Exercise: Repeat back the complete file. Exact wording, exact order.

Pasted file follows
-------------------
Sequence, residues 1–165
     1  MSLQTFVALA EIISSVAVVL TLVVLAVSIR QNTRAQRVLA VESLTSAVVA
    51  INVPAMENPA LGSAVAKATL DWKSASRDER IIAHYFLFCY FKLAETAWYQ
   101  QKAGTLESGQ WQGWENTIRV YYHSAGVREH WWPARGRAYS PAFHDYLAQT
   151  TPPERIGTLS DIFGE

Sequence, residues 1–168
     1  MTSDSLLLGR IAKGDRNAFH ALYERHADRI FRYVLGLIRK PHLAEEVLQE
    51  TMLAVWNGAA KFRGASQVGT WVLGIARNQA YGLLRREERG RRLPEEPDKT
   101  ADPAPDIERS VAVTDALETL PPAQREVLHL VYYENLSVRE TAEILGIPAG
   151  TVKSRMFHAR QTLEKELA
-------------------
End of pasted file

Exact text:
Sequence, residues 1–165
     1  MSLQTFVALA EIISSVAVVL TLVVLAVSIR QNTRAQRVLA VESLTSAVVA
    51  INVPAMENPA LGSAVAKATL DWKSASRDER IIAHYFLFCY FKLAETAWYQ
   101  QKAGTLESGQ WQGWENTIRV YYHSAGVREH WWPARGRAYS PAFHDYLAQT
   151  TPPERIGTLS DIFGE

Sequence, residues 1–168
     1  MTSDSLLLGR IAKGDRNAFH ALYERHADRI FRYVLGLIRK PHLAEEVLQE
    51  TMLAVWNGAA KFRGASQVGT WVLGIARNQA YGLLRREERG RRLPEEPDKT
   101  ADPAPDIERS VAVTDALETL PPAQREVLHL VYYENLSVRE TAEILGIPAG
   151  TVKSRMFHAR QTLEKELA